Ask the Expert: 4 Ways to Prepare Your Home for Your New Pet
You were ready financially and prepared for the time commitment. You spent hours discussing what type of pet would fit well with your family in terms of size, temperament, and energy level. The local shelter knew you by name because you came in once a week to spend time with the animals and find the one that was right for you. The one thing you weren’t prepared for was the transition period for your new pet. You know the one. He was anxious and confused by his new home and he tended to let you know with accidents on the floor, chewed baseboards, and scratched furniture.
So we asked Gary Weitzman, CEO of the San Diego Humane Society and licensed veterinarian what a homeowner can do to help make the transition from shelter animal to family member a little easier on your pet your home.
1. Help your pet get acclimated.
The best advice I can offer is to get supplies set up beforehand, such as bowls, toys and a bed. When your bring your new pet home, try to keep the environment as calm as possible and let your new pet acclimate at their own pace. Let them explore and get used to their surroundings, and don’t overwhelm them with attention, loud noises, and petting, unless they solicit them first.
2. Create a “safe zone” for your pet.
Pet proofing your home is a vital step in ensuring the health and safety of your new family member. Crate-training can be an excellent “safe-zone” for your pet to relax while you’re away. Alternatively, you can create a pet-proof area where your animal will spend most of his time. Things such as taping loose electrical cords to baseboards, storing household chemicals on high shelves, removing plants, rugs, and breakables and installing baby gates, can all be helpful in creating a safe space. You may also want to introduce interactive toys to keep your pet busy while alone.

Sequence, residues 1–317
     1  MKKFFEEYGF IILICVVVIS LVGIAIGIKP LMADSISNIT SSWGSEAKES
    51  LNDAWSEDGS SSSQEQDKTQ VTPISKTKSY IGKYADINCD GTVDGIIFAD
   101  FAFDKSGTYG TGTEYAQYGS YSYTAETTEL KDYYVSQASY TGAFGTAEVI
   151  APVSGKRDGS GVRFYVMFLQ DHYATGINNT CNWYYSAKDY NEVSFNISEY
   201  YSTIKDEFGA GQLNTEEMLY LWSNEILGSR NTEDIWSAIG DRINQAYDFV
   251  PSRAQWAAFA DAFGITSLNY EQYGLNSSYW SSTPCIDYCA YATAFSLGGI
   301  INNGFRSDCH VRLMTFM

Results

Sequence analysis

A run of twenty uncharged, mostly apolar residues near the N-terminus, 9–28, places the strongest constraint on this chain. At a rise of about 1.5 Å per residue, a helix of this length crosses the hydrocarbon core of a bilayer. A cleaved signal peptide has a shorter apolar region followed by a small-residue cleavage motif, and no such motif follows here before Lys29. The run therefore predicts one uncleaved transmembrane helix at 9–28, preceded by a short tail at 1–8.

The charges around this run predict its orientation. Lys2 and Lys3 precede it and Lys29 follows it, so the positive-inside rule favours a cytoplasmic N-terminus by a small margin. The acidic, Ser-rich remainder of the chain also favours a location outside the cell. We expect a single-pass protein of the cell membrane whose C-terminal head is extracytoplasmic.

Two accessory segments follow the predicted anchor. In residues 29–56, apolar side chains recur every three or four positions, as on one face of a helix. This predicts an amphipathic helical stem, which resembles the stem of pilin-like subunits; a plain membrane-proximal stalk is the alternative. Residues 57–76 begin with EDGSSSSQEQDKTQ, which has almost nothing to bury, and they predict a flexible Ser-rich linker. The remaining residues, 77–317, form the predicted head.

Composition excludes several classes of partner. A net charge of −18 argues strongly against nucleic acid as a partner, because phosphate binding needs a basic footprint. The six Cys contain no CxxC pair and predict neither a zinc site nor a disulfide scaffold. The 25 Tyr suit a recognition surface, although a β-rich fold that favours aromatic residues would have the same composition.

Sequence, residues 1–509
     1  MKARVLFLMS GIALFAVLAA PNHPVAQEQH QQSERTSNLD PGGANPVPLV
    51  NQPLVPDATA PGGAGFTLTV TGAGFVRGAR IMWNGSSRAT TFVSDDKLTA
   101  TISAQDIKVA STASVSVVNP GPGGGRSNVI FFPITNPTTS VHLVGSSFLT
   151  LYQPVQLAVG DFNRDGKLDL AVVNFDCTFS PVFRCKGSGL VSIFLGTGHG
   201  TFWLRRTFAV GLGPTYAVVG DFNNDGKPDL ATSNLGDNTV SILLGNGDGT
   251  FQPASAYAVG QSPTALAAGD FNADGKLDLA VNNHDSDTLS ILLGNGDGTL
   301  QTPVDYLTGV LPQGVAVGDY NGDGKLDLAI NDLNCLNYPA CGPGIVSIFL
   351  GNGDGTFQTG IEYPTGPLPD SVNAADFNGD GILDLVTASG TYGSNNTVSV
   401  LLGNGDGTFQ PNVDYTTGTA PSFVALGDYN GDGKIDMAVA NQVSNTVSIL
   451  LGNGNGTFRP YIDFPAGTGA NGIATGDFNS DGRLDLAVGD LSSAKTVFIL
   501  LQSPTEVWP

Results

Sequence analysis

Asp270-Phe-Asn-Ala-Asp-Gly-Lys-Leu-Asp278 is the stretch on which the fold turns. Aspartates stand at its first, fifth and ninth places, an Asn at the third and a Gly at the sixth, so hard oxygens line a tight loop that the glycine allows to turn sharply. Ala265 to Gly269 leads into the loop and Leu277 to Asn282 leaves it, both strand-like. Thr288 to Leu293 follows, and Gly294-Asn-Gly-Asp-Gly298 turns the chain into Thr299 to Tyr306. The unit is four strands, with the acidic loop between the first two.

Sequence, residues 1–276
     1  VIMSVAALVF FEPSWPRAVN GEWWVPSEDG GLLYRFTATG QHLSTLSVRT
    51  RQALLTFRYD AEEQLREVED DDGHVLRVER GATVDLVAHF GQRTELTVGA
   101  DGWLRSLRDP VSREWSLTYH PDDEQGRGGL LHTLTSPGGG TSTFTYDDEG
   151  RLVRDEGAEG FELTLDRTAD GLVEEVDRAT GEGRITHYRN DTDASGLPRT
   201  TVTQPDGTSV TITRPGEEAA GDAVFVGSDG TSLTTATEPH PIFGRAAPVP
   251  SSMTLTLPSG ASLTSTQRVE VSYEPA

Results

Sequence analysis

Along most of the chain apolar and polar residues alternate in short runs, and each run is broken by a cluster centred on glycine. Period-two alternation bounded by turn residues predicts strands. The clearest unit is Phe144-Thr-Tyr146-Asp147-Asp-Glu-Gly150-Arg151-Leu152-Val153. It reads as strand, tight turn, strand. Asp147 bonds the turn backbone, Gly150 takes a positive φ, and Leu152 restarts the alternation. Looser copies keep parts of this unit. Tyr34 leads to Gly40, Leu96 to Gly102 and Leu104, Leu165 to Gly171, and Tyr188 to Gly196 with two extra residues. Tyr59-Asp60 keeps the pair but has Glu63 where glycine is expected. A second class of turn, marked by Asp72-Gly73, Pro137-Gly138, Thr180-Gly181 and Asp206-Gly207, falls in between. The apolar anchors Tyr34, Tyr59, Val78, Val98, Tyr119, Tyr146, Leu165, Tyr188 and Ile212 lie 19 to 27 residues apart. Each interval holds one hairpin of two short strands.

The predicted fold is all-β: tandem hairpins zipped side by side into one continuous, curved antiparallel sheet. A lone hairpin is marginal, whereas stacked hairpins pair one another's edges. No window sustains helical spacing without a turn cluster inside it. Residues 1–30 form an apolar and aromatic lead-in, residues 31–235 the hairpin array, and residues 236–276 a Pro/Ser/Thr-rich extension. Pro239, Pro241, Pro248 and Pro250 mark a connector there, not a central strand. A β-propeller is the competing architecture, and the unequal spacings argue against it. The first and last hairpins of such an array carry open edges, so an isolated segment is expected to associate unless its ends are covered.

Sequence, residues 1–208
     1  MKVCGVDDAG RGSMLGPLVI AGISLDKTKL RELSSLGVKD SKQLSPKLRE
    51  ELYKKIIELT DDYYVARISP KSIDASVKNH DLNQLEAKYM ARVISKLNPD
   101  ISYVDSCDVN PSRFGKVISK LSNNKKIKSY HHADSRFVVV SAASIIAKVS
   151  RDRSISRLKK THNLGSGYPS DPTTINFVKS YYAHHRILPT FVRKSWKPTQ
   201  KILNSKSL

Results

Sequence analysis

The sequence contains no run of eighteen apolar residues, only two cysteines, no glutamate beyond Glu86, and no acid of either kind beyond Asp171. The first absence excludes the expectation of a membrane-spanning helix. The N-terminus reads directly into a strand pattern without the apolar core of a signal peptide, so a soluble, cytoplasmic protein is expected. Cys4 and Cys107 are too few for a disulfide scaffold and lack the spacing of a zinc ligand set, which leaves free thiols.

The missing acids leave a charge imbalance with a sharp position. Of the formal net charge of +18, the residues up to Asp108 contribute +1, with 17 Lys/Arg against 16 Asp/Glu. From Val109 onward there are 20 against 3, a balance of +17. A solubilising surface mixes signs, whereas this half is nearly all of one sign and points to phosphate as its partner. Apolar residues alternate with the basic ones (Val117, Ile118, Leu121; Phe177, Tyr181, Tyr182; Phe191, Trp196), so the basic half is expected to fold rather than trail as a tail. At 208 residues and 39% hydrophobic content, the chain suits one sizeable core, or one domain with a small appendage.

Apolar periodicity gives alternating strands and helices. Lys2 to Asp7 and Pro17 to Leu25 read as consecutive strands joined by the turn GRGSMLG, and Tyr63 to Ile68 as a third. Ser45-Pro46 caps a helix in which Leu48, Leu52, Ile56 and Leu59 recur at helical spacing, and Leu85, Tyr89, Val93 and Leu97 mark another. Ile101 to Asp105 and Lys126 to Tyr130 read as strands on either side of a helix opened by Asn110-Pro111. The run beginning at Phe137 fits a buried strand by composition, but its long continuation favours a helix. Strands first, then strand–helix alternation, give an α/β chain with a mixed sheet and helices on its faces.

3. Remove or hide anything that's dangerous to your pet.
Common household items inside and outside the home can pose a threat to your new animal. Outside the house, avoid fertilizers and plant food in areas where your pet may be left unsupervised in the yard, ensure all garbage cans have locking lids, remove any insect poisons, snail bait or rodent traps, and keep antifreeze sealed and away from reach. Inside your home, keep human medications out of reach, store string, yarn, rubber bands, and dental floss, check to make sure household plants are not poisonous and keep human foods away from pets.
4. Have a plan for house training.
Crate-training is a wonderful tool to provide a positive, safe place for your pet to relax, and can be very helpful during house training. Keep your dog on a feeding schedule with the same diet he was used to eating in the shelter to avoid tummy-trouble. Choose a consistent area for your pet to go potty, and take him out often, preferably every hour. Remember to praise and play for successful eliminations, and simply ignore accidents.
Gary Weitzman is a licensed veterinarian and a seasoned animal welfare professional with more than 20 years of experience. He’s the proud dad to Betty, a lovable pit bull, and Jake, a three-legged German Shepherd.
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